Image inspiration: The natural grandeur of this photo reveals the creative and mysterious aspects of the Divine. But it doesn’t capture the dryness of the air, the heat of the sand, the sounds, the smells, and the tastes. That requires us to be there, present inside the landscape and story.

The Cosmos Reveal God’s Great Love

Living Inside God’s Great Story

The Cosmos Reveal God’s Great Love
Thursday, September 2, 2021

Brian McLaren grew up, as I did, in a very religious home, where “our story” was defined by strict religious obligations, with clear insiders and outsiders. However, a mystical experience in nature opened Brian up to God’s Great Story. He writes:

I grew up in a religious home. A full-dose, hard-core, shaken-together-and-my-cup-runneth-over, conservative, Bible-believing, Evangelical, fundamentalist Christian home. . . . Holidays and Sundays were just the spiritual appetizers. For the main course, there was also church every Sunday night. And there was a Wednesday night prayer meeting too. . . .

Some neighborhood buddies . . . invited me on a weekend retreat with the youth group from their Southern Baptist church. And that’s where spirituality snuck up and crashed upon me like an unexpected wave at the beach. The retreat leader sent us off on Saturday afternoon for an hour of silence during which we were supposed to pray. I climbed a tree—being a back-to-nature guy—only to discover that my perch was along an ant superhighway and that mosquitoes also liked the shade of that particular tree. But eventually, between swatting and scratching, I actually prayed. My prayer went something like this: “Dear God, before I die, I hope you will let me see the most beautiful sights, hear the most beautiful sounds, and feel the most beautiful feelings that life has to offer.” . . .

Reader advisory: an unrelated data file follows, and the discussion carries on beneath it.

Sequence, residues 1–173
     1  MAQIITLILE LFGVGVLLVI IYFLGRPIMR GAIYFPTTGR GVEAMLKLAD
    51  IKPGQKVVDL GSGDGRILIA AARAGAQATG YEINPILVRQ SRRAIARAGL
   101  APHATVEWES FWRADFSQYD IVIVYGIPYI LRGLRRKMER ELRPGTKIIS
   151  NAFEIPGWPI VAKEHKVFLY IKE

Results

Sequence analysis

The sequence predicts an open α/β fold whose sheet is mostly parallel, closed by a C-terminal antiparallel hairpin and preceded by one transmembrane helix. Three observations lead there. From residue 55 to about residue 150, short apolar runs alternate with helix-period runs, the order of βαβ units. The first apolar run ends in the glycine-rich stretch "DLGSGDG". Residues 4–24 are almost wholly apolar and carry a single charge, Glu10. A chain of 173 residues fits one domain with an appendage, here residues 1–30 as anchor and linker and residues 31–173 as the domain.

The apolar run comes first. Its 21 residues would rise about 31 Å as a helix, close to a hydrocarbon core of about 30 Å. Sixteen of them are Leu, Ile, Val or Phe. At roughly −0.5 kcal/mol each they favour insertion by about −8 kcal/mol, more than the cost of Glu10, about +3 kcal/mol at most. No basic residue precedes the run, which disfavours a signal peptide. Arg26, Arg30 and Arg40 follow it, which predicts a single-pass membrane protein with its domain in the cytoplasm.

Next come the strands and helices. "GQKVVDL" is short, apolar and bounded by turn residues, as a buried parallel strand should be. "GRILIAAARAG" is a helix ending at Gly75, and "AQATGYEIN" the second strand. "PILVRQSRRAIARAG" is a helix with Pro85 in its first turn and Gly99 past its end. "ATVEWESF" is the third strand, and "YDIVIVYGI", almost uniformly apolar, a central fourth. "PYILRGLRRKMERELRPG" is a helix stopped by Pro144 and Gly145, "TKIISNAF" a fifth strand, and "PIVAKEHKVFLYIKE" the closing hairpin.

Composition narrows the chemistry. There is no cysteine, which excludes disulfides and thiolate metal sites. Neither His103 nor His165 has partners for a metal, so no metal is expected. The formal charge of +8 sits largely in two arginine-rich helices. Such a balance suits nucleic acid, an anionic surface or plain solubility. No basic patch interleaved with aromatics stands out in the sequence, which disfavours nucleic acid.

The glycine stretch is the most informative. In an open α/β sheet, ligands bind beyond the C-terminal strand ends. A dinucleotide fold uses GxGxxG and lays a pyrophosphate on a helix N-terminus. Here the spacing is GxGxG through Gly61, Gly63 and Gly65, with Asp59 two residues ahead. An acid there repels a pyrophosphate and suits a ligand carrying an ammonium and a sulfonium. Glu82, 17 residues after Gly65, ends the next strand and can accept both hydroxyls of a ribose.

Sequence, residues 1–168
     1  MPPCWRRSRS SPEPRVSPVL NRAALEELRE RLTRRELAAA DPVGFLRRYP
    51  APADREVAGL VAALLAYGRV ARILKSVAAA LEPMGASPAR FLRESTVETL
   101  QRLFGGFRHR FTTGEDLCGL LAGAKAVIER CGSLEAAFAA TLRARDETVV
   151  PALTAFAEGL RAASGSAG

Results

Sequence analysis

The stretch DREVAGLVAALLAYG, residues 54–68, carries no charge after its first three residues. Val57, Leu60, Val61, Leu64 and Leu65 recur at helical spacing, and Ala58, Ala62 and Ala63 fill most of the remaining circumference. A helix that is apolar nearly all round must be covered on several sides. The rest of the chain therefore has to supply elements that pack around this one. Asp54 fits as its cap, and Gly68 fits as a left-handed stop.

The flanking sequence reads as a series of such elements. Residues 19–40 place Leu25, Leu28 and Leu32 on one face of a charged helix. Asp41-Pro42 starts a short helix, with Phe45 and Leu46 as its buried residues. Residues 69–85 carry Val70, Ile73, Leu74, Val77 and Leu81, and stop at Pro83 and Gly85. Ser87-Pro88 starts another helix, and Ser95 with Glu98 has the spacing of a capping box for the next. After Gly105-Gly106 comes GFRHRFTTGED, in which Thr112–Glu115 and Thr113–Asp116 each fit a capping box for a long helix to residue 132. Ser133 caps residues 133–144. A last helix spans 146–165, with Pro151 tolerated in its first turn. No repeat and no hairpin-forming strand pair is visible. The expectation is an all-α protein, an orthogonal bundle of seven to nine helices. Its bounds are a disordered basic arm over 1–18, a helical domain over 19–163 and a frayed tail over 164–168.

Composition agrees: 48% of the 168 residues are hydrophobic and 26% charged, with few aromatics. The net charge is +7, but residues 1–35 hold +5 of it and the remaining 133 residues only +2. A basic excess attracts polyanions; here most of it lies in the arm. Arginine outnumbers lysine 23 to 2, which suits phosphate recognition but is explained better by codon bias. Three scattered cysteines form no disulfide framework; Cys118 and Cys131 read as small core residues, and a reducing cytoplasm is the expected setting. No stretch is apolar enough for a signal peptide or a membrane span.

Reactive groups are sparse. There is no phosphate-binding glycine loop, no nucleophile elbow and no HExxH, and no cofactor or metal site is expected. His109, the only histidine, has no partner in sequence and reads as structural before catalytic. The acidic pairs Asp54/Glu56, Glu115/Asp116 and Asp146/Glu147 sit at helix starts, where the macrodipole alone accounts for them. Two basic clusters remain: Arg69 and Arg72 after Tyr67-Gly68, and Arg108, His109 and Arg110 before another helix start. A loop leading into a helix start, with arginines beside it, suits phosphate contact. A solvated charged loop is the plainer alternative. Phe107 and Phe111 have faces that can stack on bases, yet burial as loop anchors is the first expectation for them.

In spite of my sincerity, absolutely nothing happened. . . . [After supper,] a few friends and I snuck away to a hillside and found ourselves sitting under one of those sparkling autumn night skies. I walked several paces away from my friends and lay back in the grass, fingers interlocked behind my head, looking up, feeling strangely quiet and at peace. Something began to happen.

I had this feeling of being seen. Known. Named. Loved. By a Someone bigger than the sky that expanded above me. Young science geek that I was, I pictured myself lying on a little hill on a little continent on a little planet in a little solar system on the rim of a modest galaxy in a sea of billions of galaxies, and I felt that the great big Creator of the whole shebang was somehow noticing little, tiny me. It was as if the whole sky were an eye, and all space were a heart, and I was being targeted as a focal point for attention and love. And the oddest thing happened as this realization sank in. I began to laugh. I wasn’t guffawing, but I was laughing, at first gently, but eventually almost uncontrollably. Profound laughter surged from within me.